Drug abuse and addiction, including alcohol abuse, is a risk factor for homelessness, to the extent it is one of the most frequently cited reasons for an individual becoming homeless.
Fortunately, through a combination of social support programs and drug and alcohol rehabilitation, many individuals are able to find support and healing, so that they can being living a more stable, sober life.
According to the Substance Abuse and Mental Health Services Administration (SAMHSA), in 2016, on one evening alone, 549,900 people were homeless. Of this number, over 176,357 were unsheltered, and 202,297 people had a severe mental illness or a chronic substance use disorder.
An individual confronting homelessness may be in one of three groups, as directly sourced from SAMHSA:
—living on the streets, camping outdoors, or living in cars or abandoned buildings
—staying in emergency shelters or transitional housing
—staying with friends or family temporarily
“A person is considered to be experiencing chronic homelessness when he or she has a disability and has been continuously homeless for 1 year or more or has experienced at least four episodes of homelessness in the last 3 years where the combined length of time homeless in those occasions is at least 12 months.”
Roughly 16 percent of the homeless population confronts chronic homelessness. This population faces an especially high risk for substance abuse due to the greater levels of instability they face. Roughly two-thirds of this group have a primary substance use disorder or other chronic health condition, as detailed by SAMHSA.
Chronic health problems are often risk factors for substance abuse and addiction, as is crime, which also often precedes and accompanies homelessness.
Homelessness occurs from many reasons: poverty, lack of affordable or stable housing, domestic violence, and mental illness, to name only a few. Accompanying these is drug and alcohol abuse—one of the biggest risk factors that precedes homelessness.
On the other hand, while certain individuals may not have experienced homelessness as a result of a substance use disorder, many may become addicted to drugs or alcohol as a result of homelessness. In either case, continued substance abuse after the onset of homelessness quite often deepens the state of homelessness.
Whatever the connection, if an individual is facing both homelessness and a substance use disorder, it’s critical that they understand their treatment options, so that they can access them to their fullest extent for an opportunity to obtain a drug-free life.
Research has found that rates of alcoholism run higher in older individuals, whereas abuse of other drugs is more pervasive within youth and young adults. In many cases, drug or alcohol abuse begins as an attempt to self-medicate an untreated mental health disorder, before culminating as a full-blown addiction.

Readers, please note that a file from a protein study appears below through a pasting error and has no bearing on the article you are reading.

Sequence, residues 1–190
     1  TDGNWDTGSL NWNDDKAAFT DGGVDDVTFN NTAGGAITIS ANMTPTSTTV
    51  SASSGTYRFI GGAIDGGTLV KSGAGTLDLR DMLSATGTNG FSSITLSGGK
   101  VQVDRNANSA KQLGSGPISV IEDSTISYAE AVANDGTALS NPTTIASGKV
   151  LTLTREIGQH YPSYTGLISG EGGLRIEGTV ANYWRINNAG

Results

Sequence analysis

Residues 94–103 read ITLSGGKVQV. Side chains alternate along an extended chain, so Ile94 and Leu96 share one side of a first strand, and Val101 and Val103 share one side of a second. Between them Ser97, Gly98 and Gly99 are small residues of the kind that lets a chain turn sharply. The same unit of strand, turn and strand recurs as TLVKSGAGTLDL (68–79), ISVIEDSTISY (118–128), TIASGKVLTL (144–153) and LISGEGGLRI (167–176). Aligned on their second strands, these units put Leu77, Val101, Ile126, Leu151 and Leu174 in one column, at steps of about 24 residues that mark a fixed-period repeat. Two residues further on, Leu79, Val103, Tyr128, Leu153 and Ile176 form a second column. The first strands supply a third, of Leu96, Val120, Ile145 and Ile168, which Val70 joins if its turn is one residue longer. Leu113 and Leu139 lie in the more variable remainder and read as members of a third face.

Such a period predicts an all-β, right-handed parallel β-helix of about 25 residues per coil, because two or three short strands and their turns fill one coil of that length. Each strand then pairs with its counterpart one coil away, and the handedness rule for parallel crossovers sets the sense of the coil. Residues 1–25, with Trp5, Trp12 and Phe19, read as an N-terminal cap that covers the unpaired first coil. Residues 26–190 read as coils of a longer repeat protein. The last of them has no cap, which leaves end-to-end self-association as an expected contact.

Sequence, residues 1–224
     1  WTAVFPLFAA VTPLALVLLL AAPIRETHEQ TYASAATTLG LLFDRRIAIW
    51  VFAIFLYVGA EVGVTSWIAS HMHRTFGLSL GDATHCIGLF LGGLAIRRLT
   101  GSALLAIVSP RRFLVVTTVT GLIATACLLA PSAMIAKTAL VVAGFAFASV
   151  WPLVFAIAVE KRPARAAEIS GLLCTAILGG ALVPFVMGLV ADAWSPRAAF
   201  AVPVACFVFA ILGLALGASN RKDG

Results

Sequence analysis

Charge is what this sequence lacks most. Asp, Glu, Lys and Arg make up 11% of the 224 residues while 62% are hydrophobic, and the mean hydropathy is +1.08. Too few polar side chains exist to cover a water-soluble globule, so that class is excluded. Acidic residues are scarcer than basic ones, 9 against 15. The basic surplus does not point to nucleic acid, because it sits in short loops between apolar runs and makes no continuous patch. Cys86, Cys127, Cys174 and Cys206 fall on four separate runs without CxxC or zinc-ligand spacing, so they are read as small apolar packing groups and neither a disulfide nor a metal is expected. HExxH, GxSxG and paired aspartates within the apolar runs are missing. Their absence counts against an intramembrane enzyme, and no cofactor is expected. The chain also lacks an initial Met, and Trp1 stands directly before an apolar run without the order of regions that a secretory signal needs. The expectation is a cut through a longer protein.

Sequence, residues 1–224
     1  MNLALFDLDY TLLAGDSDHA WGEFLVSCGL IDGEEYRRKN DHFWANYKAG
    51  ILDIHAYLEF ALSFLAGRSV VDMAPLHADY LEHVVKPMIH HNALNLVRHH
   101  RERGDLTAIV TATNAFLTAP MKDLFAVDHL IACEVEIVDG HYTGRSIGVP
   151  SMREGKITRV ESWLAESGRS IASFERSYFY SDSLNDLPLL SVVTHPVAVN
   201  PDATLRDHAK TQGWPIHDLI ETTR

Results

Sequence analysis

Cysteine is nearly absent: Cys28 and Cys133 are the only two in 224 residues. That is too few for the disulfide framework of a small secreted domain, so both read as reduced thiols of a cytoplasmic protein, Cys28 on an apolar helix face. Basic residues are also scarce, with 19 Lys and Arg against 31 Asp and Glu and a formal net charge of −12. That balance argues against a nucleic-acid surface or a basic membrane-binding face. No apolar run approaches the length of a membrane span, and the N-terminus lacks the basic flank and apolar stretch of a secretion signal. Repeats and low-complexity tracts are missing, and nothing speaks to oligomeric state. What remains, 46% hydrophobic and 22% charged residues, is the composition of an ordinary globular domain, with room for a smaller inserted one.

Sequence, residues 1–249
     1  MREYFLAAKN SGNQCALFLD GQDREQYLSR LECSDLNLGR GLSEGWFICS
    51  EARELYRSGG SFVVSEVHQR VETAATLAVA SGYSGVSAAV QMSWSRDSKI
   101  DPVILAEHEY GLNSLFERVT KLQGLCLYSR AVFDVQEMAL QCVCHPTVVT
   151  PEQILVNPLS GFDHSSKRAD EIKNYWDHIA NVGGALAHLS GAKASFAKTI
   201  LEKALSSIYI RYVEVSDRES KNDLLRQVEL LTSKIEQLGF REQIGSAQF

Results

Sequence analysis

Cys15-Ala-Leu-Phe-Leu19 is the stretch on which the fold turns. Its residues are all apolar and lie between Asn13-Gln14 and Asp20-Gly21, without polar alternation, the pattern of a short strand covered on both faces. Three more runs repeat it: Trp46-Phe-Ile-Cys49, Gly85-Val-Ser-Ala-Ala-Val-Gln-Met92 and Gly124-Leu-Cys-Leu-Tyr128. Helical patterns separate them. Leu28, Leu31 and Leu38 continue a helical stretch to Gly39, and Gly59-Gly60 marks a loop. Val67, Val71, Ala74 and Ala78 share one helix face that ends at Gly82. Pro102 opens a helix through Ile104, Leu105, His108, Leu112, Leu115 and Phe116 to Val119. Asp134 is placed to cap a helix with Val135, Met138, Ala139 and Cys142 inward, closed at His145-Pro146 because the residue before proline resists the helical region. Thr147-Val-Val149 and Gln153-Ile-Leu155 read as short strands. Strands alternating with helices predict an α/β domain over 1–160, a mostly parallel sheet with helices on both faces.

As a person becomes consumed by drug seeking and using, they quite frequently alienate loved ones, negate responsibilities within their job (often resulting in job loss), spend large amounts of money on the drug, and ignore important responsibilities (such as the payment of mortgages and bills). All of these factors can be risk factors for homelessness.
In addition to alcohol, frequently abused substances include both illicit drugs and diverted prescription medications, including, but not limited to:
(Ativan, Valium, Xanax)
(fentanyl, methadone, OxyContin, Vicodin)
Substance abuse exposes a homeless individual to a myriad of risks, including addiction, overdose, crime, violence, abuse, unsafe sex, greater financial instability, and mental and physical health problems.
Without stable housing and a support network, and as an individual is striving hard just to survive, it can be exceedingly hard to overcome these challenges, and in turn, to overcome a state of homelessness.
Today, drug overdose deaths are responsible for the greatest number of injury-related fatalities within our nation, an impact which is felt particularly hard within the homeless population. Emerging research shows that this group may face even higher rates of drug-related overdoses, as made evident by a study focused on the Boston homeless community.
This study found death rates 16 to 24 times higher than the state’s average, accounting for one in three deaths of homeless individuals under age 45. Over 80 percent of these deaths were attributed to opioids, a statistic which closely echoes the severity of our nation’s opioid epidemic.
Substance abuse treatment for homeless individuals needs to be more nuanced than treatment for those with stable housing, with special attention granted to the unique issues which shape a homeless person’s life.
Namely, during treatment, an individual needs to be supported in ways which allow them to regain the highest measure of self-sufficiency, most notably through housing, employment, medical care, and access to peer support networks. Treatment also builds coping, relapse prevention, interpersonal, and stress reduction skills to further stabilize a person’s health and life.